When they got to the Park Lane Hotel, Weinstein went to the check-in desk while she waited elsewhere in the lobby, Exiner d’Amore recalled. He returned and said there had been a mistake with the reservations; there was only one room. They would have to share.

“I gave him a look like that was ridiculous,” she recalled. But she ultimately agreed, assuming it was harmless. When she got into bed that night, she said, he slipped in next to her, naked.

“I told him no. I kept pushing him away. He just wouldn’t listen,” Exiner d’Amore said. “He just forced himself on me.” She said he forcibly performed oral sex and intercourse on her.

She did not tell her boyfriend, feeling ashamed, but she did confide in her next-door neighbors in Buffalo. She did not specifically say she was raped, but the couple, David and Irene Sipos, told The Times that they remembered her being extremely upset and crying when she told them about Weinstein and the hotel room.

After the trip, Exiner d’Amore said, Weinstein kept asking her out and offered her credit cards to go on shopping sprees. She declined. Within three or four weeks, she was fired.

“It was a relief,” she said. “I hated being there.”

Exiner d’Amore never went into the film industry. She got a job administering an undergraduate program at Cornell, and later moved on to jobs in fundraising.

Ashley Matthau

Ashley Matthau said Weinstein was aggressive with her the moment they met in 2004. She was in Puerto Rico performing in “Dirty Dancing: Havana Nights” when Weinstein visited the set. As soon as he saw her, she said, he began pressuring her to come to his hotel room for a private meeting. Matthau, who then went by her maiden name, Anderson, said she tried to brush him off, explaining that she was engaged. She said he persisted.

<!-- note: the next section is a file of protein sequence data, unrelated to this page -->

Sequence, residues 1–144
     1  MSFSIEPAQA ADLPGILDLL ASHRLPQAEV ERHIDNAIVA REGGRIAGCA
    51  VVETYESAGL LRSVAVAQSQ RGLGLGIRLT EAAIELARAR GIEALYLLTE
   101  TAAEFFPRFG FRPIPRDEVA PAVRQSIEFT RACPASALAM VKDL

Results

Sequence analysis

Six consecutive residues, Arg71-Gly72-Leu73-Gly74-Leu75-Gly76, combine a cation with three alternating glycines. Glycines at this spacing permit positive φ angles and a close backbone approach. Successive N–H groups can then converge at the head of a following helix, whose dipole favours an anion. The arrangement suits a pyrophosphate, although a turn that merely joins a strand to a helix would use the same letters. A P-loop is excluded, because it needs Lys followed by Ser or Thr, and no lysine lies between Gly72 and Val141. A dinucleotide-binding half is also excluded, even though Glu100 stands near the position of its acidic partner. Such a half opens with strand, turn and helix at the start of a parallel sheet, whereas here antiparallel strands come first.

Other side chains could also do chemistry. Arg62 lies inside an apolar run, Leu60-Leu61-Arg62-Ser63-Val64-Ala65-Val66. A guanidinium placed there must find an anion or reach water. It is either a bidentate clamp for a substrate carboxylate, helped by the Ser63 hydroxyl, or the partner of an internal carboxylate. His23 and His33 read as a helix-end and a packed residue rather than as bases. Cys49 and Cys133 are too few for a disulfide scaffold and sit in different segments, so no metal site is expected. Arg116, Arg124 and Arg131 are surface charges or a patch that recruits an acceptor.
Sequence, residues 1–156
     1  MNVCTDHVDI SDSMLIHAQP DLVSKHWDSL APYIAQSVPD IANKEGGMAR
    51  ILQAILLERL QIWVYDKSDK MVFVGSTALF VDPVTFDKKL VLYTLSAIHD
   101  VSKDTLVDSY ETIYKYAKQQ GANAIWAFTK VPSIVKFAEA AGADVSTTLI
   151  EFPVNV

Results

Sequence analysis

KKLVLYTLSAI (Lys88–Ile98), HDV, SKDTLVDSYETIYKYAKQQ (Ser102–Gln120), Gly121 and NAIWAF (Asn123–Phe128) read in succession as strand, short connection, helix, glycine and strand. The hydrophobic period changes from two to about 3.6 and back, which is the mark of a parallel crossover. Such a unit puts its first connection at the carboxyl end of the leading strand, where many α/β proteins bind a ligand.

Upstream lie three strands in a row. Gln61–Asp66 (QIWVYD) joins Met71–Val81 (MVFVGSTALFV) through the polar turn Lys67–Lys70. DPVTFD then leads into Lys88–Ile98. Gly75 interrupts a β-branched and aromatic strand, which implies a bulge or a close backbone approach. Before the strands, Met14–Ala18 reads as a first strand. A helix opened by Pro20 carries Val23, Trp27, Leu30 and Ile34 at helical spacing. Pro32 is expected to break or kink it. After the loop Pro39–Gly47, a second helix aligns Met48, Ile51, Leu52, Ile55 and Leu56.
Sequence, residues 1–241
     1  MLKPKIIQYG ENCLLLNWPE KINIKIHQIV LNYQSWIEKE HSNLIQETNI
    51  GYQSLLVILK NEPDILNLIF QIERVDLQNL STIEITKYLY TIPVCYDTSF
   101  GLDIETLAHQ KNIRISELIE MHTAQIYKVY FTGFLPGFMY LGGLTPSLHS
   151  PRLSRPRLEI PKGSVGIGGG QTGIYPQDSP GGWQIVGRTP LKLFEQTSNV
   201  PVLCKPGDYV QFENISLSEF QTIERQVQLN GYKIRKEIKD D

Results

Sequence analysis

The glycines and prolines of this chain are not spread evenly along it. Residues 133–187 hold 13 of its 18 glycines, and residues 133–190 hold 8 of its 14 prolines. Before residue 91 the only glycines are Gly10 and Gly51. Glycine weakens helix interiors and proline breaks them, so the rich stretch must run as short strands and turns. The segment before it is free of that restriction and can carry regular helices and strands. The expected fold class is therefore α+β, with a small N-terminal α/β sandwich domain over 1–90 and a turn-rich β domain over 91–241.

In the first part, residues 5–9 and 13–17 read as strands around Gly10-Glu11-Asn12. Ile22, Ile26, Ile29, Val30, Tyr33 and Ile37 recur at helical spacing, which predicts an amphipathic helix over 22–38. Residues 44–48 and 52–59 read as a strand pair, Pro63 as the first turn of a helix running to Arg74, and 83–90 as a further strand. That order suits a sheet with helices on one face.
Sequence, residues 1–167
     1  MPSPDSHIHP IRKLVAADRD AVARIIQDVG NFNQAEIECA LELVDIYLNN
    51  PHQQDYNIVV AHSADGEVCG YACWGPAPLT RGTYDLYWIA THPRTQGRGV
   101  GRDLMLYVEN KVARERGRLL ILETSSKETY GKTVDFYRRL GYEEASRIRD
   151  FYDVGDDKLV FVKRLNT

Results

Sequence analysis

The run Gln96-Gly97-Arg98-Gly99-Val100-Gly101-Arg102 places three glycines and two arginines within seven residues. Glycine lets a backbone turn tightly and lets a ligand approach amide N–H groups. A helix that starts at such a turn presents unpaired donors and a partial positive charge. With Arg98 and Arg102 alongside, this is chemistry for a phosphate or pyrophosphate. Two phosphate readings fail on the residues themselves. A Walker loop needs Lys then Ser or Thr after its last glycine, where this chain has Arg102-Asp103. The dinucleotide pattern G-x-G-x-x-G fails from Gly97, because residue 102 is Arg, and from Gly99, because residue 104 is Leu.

When the cast broke for a meal, Matthau told some production members that Weinstein was being pushy and she was afraid. No one offered to help, she said, and when she returned to the set, Weinstein instructed her to get into a car.

“‘Don’t worry,’” Matthau, now 36, remembers him saying as they sat in the back seat. “‘Nothing is going to happen. We’re just going to discuss future projects.’”

She said they went to his hotel room, where talk quickly became sexual: Weinstein told her that he had helped launch the careers of high-profile actresses who had slept with him, and that she should consider doing the same. When she declined, Weinstein pushed her onto the bed and fondled her breasts, she said. He then stripped, straddled her and masturbated on top of her.

“I kept telling him, ‘Stop, I’m engaged,’ but he kept saying: ‘It’s just a little cuddling. It’s not a problem. It’s not like we’re having sex.’”

Back in California days later, Matthau tearfully told her fiancé, Charles Matthau, a general description of what had happened. Charles Matthau said in an interview that he was outraged. With his encouragement, Ashley Matthau retained John S. West, a partner in the law firm of Gloria Allred, who has a record of taking on powerful men.

Soon, Matthau recalled, she and West met at the Peninsula Beverly Hills with Weinstein and Daniel M. Petrocelli, who had represented high-profile clients including Jeffrey Skilling, chief executive of Enron.

The experience, she said, was chilling. She had attended a couple of parties at the Playboy Mansion, and Petrocelli said she would be painted as promiscuous if she went public with her accusation against Weinstein.

“‘We’ll drag you through the mud by your hair,’” she recalled the lawyer saying. Petrocelli declined to comment.

Going up against such powerful men felt like more than she could handle. Matthau said she agreed to enter into a more than $100,000 settlement with Weinstein in exchange for a legally binding promise never to speak of the allegations again.

Lacey Dorn

Dorn moved to New York City in 2011, soon after graduating from Stanford University, where she had helped create two documentaries. Dorn, then 22, was introduced to Weinstein at a New York Film Festival party.

A few weeks later, Dorn attended a Halloween party at the Gramercy Park Hotel and ran into Weinstein, who asked for her email. He wanted to talk about her career over lunch, she said.

“Great meeting you,” he wrote in the subject line of an otherwise blank email sent to her at 12:26 a.m.

On her way out of the party, Dorn said goodbye to Weinstein. As she turned her back to him, he grabbed between her legs, touching her buttocks and crotch through her clothes.

“I was so naive, I didn’t say anything. And he didn’t say anything either,” she said. “I just got out of the party as fast as possible.”

Dorn said she never heard from Weinstein and never spoke to him again. Dorn said that when she told friends what had happened, many seemed to shrug it off as if it were a “rite of passage,” an acknowledgment of how “awful” the entertainment business could be.